India is most open to dialogue on the Doha round and trade negotiations among all major emerging markets, a top Obama Administration official has told the US lawmakers.
"We've had a number of bilateral meetings with each of those partners (India, China, Brazil and Russia). India, at least, has been the most open to dialogue with us," the US Trade Representative, Ron Kirk, said in response to a question at a Congressional hearing on Wednesday.
"China has been wonderfully Chinese. I will leave it at that. But we continued to believe that now that we're beyond the elections in Japan and hopefully with Brazil, that if we can sit down and do the tough negotiations that have to be made, we might," he said.
Responding to questions on the Doha round, Kirk said: "We have moved them to understand that they had to supplement our negotiations in Geneva with these bilateral discussions, frankly, trying to get Russia, Brazil, India and China.
And I want to make it careful, when I was asked about my outlook, I don't know that I'd say I'm overly encouraged."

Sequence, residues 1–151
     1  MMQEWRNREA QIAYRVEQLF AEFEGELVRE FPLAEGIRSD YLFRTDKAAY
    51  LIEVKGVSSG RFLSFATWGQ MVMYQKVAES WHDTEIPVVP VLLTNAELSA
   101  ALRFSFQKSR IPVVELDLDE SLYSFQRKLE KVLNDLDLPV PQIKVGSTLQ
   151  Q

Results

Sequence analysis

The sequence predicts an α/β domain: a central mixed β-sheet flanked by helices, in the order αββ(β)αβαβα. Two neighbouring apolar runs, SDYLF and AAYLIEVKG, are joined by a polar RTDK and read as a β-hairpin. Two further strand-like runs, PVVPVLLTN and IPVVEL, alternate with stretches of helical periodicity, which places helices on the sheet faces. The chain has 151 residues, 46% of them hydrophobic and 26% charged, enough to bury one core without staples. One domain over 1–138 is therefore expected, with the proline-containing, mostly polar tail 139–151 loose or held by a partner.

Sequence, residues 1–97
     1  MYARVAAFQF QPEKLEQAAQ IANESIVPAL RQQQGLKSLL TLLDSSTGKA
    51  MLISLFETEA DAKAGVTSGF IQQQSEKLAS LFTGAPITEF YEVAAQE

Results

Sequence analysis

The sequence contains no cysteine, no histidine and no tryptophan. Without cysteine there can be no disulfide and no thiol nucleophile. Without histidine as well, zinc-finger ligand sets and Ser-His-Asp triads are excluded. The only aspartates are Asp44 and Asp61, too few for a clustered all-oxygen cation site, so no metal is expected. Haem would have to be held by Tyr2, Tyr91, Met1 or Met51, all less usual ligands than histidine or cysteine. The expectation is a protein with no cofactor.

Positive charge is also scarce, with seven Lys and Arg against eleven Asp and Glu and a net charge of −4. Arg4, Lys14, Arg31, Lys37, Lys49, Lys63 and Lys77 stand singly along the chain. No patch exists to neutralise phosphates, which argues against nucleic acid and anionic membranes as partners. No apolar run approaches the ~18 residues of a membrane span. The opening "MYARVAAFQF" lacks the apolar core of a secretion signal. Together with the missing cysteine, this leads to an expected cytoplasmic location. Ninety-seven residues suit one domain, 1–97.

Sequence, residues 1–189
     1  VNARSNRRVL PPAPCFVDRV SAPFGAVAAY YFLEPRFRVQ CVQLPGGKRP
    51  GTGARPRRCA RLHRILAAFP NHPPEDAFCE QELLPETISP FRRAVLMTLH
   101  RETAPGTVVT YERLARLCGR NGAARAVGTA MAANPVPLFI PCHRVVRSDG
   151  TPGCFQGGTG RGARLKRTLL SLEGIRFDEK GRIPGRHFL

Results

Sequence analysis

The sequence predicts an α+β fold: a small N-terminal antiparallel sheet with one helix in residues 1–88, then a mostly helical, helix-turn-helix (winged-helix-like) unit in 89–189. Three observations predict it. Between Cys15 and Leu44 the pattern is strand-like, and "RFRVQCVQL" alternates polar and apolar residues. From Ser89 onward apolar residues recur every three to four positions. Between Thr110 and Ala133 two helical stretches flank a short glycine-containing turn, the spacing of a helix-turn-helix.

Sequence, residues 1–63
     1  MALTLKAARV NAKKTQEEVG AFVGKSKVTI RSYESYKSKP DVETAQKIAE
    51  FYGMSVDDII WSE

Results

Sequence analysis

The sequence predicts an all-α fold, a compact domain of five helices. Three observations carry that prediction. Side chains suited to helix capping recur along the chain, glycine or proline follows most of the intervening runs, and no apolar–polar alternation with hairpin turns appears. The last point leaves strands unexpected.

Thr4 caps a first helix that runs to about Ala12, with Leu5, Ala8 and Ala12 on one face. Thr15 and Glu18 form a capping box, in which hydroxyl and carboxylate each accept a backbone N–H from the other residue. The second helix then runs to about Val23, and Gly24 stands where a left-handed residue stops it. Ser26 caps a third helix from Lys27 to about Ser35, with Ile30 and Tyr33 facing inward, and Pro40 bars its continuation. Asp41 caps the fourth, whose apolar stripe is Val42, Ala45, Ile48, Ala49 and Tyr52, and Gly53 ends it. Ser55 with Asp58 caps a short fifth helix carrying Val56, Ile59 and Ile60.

Kirk said he is less discouraged than he was before. "I would say that our efforts have led to an acknowledgment that there needs to be more on the table ... " Kirk said.
Earlier in his prepared testimony, Kirk said emerging markets like India, China and Brazil need to make contribution commensurate with their position in the global economy.
"Globally, US Trade Representative remains committed to a balanced and ambitious Doha round. Success will depend particularly on engagement by emerging markets such as China, Brazil, and India, which must make contributions commensurate with their position in the global economy," he said.
Kirk said among his most pressing concerns on agricultural non-tariff measures are Chinese and Indian certification requirements for US dairy exports, and unjustified barriers on beef, pork, and poultry products in China, Japan, Taiwan, and elsewhere.
"The Obama Administration is committed to trade policies that keep American farmers and ranchers supplying high quality food and fiber around the world," Kirk said.